For example, if you score 9 in the 1-10 scale of assertive personality, you will like people who are in the same level as you are, admire (or be jealous of) those who are above you, and tolerate some of those who are below you.
You will likely set a threshold of tolerance for yourself, that is, a point where you will stop tolerating that personality in a person. If you set 5 as your threshold, then it means that you will avoid people who scored 5 and below in the level of assertiveness.
The example about is, of course, figurative. People can set their continuum in a bigger scale. People also consider the other qualities of a person before avoiding/hating them. If one has a quality that is the same, it usually outweighs the differences. This is when people compromise and look past the differences in personalities.
Interestingly, when people share the same goal, they tend to put their personality differences behind. This can be seen in teams, and larger organizations. People can work together harmoniously without focusing on their differences.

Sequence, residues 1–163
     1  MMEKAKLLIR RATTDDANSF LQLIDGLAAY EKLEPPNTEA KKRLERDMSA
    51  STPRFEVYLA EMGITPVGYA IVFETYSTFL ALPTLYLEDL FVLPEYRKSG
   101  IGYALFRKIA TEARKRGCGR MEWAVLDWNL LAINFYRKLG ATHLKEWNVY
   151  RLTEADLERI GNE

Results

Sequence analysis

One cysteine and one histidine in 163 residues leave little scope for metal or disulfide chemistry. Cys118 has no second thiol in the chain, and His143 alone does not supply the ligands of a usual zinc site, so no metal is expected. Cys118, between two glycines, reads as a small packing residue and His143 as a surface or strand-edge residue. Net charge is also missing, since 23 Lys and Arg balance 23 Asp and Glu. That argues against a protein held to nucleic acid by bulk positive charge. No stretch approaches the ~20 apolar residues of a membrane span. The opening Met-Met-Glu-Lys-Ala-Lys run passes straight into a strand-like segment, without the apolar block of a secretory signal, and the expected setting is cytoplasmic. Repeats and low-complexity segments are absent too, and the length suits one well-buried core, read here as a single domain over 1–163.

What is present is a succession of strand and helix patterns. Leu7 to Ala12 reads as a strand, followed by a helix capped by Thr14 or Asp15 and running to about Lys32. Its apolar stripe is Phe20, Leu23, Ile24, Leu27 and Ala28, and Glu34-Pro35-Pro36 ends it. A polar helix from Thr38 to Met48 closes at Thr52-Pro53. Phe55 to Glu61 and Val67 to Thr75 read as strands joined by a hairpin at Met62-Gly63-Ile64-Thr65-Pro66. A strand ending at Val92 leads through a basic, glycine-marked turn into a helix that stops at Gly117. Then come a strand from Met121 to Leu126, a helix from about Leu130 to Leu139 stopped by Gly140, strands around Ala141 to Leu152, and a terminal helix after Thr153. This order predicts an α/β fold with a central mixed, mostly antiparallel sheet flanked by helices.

However, as people spend time together and start knowing about their personalities, the differences can surface and can then lead to conflict. In other words, personality differences do not stand out in goal-oriented relationships, while it does in close relationships.
This means that in order to have harmonious relationships with people, you have to determine whether or not you share a close or goal-oriented relationship with them. You can use the following definitions as a rule of thumb: